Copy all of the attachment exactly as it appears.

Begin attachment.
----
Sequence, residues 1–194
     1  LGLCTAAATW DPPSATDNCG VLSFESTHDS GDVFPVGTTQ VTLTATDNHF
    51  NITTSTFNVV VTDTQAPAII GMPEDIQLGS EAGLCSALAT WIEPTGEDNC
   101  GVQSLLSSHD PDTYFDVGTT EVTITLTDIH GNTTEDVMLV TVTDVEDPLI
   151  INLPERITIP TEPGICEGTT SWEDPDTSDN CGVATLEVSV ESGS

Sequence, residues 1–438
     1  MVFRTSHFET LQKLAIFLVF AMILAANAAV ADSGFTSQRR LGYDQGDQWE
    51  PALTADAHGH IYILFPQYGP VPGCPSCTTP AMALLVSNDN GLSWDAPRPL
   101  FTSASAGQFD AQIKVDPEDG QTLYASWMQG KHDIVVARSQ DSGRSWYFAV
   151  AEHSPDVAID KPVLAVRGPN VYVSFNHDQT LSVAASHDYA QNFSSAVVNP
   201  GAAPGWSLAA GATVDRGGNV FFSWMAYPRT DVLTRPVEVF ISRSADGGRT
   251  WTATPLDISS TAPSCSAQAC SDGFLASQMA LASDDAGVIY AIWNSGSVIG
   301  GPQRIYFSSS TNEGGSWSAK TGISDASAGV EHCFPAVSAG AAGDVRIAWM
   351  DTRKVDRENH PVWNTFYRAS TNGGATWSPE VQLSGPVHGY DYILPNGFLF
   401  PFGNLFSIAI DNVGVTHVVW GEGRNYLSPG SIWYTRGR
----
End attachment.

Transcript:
Sequence, residues 1–194
     1  LGLCTAAATW DPPSATDNCG VLSFESTHDS GDVFPVGTTQ VTLTATDNHF
    51  NITTSTFNVV VTDTQAPAII GMPEDIQLGS EAGLCSALAT WIEPTGEDNC
   101  GVQSLLSSHD PDTYFDVGTT EVTITLTDIH GNTTEDVMLV TVTDVEDPLI
   151  INLPERITIP TEPGICEGTT SWEDPDTSDN CGVATLEVSV ESGS

Sequence, residues 1–438
     1  MVFRTSHFET LQKLAIFLVF AMILAANAAV ADSGFTSQRR LGYDQGDQWE
    51  PALTADAHGH IYILFPQYGP VPGCPSCTTP AMALLVSNDN GLSWDAPRPL
   101  FTSASAGQFD AQIKVDPEDG QTLYASWMQG KHDIVVARSQ DSGRSWYFAV
   151  AEHSPDVAID KPVLAVRGPN VYVSFNHDQT LSVAASHDYA QNFSSAVVNP
   201  GAAPGWSLAA GATVDRGGNV FFSWMAYPRT DVLTRPVEVF ISRSADGGRT
   251  WTATPLDISS TAPSCSAQAC SDGFLASQMA LASDDAGVIY AIWNSGSVIG
   301  GPQRIYFSSS TNEGGSWSAK TGISDASAGV EHCFPAVSAG AAGDVRIAWM
   351  DTRKVDRENH PVWNTFYRAS TNGGATWSPE VQLSGPVHGY DYILPNGFLF
   401  PFGNLFSIAI DNVGVTHVVW GEGRNYLSPG SIWYTRGR